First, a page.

Highland Park ISD plans to launch an elementary-level Spanish learning program next year. It's a project that most in the district are embracing -- after all, multilingualism is linked to dozens of developmental benefits. Bilingual individuals are often smarter, better listeners and in later life may see a delay in the onset of Alzheimer's disease.
"The research is out there for early language acquisition, usually the younger the better," says Eric Inboden, a Spanish teacher the district recently hired to organize the program. "It improves one's abilities cognitively, improves abilities in their own language, improves socialization and knowing different cultures, and builds a base knowledge that can be used in math, social studies, et cetera."
In other words, Highland Park is playing a game of catch-up with the students Dallas Independent School District, who are trouncing those poor kids in The Bubble stuck in their monolingual world.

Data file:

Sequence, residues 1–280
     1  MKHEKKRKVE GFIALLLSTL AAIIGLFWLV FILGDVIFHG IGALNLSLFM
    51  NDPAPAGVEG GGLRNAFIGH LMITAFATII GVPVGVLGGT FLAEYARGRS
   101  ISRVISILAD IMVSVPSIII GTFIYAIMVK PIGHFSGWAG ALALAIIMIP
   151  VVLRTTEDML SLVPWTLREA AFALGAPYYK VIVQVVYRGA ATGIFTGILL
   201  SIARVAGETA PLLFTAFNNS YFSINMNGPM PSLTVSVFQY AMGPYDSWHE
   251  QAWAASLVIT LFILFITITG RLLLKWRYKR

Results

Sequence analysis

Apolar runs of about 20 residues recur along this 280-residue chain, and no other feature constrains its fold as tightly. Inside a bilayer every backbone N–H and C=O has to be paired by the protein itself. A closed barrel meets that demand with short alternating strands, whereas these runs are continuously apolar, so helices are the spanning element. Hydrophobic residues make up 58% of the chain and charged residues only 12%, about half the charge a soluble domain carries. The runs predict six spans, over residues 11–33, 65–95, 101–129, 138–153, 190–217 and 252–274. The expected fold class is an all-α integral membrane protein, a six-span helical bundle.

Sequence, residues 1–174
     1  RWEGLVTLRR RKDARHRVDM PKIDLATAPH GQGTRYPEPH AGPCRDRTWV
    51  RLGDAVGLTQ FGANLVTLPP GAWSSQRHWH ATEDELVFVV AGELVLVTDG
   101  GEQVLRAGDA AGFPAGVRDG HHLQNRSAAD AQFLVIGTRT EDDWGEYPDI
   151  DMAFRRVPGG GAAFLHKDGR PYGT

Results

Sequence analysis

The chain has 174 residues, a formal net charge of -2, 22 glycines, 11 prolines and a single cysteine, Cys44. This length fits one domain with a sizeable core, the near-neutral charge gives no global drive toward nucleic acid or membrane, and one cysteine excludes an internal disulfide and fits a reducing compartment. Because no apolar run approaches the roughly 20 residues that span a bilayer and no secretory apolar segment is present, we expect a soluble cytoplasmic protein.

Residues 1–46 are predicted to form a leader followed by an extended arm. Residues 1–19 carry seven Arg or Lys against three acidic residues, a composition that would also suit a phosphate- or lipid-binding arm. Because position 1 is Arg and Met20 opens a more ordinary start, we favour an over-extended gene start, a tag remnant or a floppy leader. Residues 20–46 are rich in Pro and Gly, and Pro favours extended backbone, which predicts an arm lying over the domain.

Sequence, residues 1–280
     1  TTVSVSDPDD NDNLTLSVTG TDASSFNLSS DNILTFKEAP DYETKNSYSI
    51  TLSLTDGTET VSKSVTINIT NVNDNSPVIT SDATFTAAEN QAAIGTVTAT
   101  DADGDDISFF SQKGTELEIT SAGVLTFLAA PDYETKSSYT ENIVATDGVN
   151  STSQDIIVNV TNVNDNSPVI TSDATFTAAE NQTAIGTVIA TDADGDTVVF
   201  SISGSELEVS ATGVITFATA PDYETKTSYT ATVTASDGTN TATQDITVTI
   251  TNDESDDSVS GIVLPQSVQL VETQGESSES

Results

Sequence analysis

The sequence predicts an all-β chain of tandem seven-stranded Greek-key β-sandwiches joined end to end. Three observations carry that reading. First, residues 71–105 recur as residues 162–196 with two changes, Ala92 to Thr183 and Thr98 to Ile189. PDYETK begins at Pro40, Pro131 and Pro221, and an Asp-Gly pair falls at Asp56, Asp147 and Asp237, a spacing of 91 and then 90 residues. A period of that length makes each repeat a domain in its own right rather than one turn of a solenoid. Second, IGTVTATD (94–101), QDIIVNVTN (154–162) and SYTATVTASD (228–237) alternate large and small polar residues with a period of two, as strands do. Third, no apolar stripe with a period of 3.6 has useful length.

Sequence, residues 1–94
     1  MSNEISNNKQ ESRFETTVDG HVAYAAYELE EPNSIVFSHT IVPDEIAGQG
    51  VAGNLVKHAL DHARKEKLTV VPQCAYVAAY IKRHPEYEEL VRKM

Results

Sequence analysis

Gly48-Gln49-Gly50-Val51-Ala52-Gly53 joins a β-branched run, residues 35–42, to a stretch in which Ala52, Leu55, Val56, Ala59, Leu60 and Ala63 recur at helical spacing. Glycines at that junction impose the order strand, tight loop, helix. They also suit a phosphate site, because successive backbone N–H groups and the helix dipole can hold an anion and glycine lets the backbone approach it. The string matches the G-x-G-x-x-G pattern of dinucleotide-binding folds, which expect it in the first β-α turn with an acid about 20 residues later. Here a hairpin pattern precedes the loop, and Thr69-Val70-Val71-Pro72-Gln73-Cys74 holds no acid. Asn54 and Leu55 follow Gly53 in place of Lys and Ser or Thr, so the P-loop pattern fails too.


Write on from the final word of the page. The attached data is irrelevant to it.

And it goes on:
District-wide, just 0.7 percent of HPISD students were enrolled English Second Language classes last school year. By comparison, 39 percent of Dallas ISD students were English Language Learners in the 2011-2012 school year.
(What's the difference between ESL and ELL? The letter "S," as near as we can tell. They do love their acronyms in the education field.)
By the fifth grade, most DISD kids are phased out of the ELL program, when they are judged to be fluent in English, or can independently handle English-language classes. By the time they reach middle school, that's close to half of all DISD kids that experience the neurological benefits of multilingualism, compared to just a smattering of Highland Park students.
"You'll notice some of those cognitive abilities in ESL students. So it definitely parallels," says Inboden. "Learning a second language as a supplement to your mother language is going to cause you to have some certain neurological connections."
While it's still in the exploratory stages, it's clear the district is hoping Highland Park kids will soon be able to compete with their predominantly bilingual district neighbors. Starting foreign language instruction from an earlier age could have a huge effect on HPISD students' Spanish fluency, bringing Highland Park kids -- those poor dummies -- one step closer to the linguistically superior DISD students.
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